The International Monetary Fund has approved $15.6 million in emergency post-conflict assistance to Haiti.

It said the assistance is intended to help Haiti’s recovery from an extended period of political conflict and will support the interim government’s efforts to strengthen key institutions and governance, promote economic recovery, improve access to basic services and restore security.

Emergency Post-Conflict Assistance (EPCA) is designed to help IMF member countries with urgent balance of payments financing needs in the wake of armed conflicts.

The IMF said EPCA financing, which can play an important role in catalysing donor support, is designed to be fast-disbursing but is coupled with IMF policy advice, covering the full range of macroeconomic policies and supporting structural measures, as well as technical assistance.

“Haiti is emerging from an extended period of political conflict and poor economic performance. Financial and economic stability has been restored under the six-month Staff Monitored Programme (SMP) implemented in 2004,” IMF Deputy Managing Director Takatoshi Kato said.

He said the exchange rate has stabilized, inflation is declining and official international reserves have increased.

In addition, good progress has been made in implementing key structural measures, in particular the steps to improve public sector governance and transparency, he said.

“The key challenge for the authorities will be to use the pledged international support effectively to implement the social and economic agenda agreed with donors, strengthen security, and ensure safe and timely elections.”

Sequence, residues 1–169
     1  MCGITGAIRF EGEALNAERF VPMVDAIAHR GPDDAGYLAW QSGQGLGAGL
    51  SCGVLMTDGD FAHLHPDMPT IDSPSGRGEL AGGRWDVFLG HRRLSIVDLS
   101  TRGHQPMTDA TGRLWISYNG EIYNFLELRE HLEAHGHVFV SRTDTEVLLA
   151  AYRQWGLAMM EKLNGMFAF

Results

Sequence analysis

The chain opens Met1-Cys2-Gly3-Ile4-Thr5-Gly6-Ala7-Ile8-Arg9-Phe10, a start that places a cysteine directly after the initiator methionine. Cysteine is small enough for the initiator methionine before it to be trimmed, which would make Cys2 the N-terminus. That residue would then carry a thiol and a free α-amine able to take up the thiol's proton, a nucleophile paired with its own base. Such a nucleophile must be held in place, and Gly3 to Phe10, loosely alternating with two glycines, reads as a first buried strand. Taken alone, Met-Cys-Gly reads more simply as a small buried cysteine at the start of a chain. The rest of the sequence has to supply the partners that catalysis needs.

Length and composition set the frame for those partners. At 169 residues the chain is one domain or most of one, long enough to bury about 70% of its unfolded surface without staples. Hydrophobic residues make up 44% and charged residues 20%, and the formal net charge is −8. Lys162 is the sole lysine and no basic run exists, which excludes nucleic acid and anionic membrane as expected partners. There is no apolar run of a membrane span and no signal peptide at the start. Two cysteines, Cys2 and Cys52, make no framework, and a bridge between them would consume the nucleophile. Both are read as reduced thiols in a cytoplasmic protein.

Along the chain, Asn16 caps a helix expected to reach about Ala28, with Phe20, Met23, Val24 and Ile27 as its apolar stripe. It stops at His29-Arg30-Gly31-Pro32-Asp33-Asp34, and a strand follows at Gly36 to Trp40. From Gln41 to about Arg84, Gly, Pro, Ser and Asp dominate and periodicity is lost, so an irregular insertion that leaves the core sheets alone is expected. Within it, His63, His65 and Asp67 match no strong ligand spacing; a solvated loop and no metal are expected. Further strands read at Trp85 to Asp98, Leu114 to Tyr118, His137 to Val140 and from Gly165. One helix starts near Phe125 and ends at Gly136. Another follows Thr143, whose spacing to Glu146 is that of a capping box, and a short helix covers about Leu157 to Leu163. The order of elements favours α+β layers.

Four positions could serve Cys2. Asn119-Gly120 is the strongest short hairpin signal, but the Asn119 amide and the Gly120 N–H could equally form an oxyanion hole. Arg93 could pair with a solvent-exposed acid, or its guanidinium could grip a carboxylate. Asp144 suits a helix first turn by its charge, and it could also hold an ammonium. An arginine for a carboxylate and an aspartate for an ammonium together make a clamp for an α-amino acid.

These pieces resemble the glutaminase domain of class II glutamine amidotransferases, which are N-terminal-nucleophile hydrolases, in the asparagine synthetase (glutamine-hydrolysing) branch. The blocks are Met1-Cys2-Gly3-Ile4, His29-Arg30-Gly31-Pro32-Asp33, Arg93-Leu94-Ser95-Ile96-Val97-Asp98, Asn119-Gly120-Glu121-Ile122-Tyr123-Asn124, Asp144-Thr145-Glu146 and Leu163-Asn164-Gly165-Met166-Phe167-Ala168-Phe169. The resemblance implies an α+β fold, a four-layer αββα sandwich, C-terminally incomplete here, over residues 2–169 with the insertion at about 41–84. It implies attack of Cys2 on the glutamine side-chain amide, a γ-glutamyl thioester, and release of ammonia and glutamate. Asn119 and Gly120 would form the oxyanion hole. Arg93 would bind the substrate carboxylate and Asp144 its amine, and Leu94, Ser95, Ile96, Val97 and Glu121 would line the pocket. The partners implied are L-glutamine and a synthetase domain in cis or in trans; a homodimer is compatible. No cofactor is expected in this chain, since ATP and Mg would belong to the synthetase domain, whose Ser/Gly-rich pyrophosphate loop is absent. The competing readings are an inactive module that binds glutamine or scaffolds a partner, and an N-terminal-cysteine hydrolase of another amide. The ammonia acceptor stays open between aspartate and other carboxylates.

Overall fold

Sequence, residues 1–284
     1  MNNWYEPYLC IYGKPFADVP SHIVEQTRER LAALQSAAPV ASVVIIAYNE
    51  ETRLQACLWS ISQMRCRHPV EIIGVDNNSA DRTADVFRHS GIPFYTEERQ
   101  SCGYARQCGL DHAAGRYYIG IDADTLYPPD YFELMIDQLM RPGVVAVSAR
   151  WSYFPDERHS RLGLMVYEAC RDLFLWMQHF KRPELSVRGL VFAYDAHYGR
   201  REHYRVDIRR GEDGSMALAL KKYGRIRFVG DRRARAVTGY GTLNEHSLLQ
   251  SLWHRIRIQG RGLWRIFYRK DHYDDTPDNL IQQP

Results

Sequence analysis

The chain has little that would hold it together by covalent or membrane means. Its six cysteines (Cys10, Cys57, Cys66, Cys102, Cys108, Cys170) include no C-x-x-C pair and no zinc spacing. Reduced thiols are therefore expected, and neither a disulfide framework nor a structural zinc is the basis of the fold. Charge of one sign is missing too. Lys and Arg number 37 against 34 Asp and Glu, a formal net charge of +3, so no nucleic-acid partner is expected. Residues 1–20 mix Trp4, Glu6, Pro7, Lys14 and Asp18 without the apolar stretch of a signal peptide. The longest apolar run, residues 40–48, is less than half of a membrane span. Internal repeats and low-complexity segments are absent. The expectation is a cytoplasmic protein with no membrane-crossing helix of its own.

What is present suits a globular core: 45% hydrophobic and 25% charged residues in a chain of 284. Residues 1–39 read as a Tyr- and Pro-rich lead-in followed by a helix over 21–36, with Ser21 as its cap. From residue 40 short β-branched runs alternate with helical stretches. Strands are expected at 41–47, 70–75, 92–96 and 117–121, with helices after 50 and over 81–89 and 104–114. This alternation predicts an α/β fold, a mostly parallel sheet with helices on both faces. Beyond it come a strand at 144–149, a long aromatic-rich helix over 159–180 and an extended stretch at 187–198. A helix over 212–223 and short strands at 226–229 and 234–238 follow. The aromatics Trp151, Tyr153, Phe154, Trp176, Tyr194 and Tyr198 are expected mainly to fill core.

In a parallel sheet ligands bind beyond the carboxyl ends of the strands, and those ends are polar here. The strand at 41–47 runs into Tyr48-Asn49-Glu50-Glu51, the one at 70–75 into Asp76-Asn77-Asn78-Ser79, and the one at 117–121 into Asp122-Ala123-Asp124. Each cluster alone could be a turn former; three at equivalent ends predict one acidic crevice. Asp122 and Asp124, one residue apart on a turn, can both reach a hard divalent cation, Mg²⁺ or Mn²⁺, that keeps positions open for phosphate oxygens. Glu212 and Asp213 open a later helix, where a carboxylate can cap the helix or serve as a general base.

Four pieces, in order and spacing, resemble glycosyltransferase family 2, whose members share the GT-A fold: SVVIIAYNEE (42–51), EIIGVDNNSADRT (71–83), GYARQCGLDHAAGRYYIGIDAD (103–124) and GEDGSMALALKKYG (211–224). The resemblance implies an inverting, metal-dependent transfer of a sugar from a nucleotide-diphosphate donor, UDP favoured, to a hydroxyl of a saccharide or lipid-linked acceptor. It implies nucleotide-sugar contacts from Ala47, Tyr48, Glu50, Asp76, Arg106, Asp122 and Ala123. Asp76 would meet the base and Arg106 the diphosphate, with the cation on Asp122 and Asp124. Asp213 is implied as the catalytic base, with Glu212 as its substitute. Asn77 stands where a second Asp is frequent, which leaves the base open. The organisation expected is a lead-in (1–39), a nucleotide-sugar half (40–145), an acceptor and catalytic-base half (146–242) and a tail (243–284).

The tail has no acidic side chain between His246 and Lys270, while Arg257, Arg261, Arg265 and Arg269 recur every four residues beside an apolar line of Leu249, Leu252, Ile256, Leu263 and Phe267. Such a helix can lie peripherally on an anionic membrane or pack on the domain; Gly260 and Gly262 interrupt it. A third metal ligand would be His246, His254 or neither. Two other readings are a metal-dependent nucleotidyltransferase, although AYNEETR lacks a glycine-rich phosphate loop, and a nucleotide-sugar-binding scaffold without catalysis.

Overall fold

“The authorities’ programme for fiscal year 2004/05, which will be supported by the Fund’s Emergency Post-Conflict Assistance, focuses on maintaining financial stability, strengthening institutional capacity and reviving economic growth, drawing on the Interim Cooperation Framework that has been prepared in collaboration with the international community.”

Kato said that substantial resources have been allocated for Haiti’s immediate reconstruction needs and for increasing the provision of basic services while eliminating budget deficit financing by the central bank.

In particular, the budget allows for recruiting and maintaining quality staff in the key security, education and health sectors, and for doubling of public investment in line with the priorities agreed with donors.

“The recent decline in inflation is welcome. The authorities appropriately stand ready to tighten monetary conditions if necessary to achieve the programme’s targets and protect financial stability.”

He said the authorities were also working with donors to accelerate the disbursement of external assistance and that Haiti has regularised its arrears to the World Bank, which has resumed lending to the former French colony.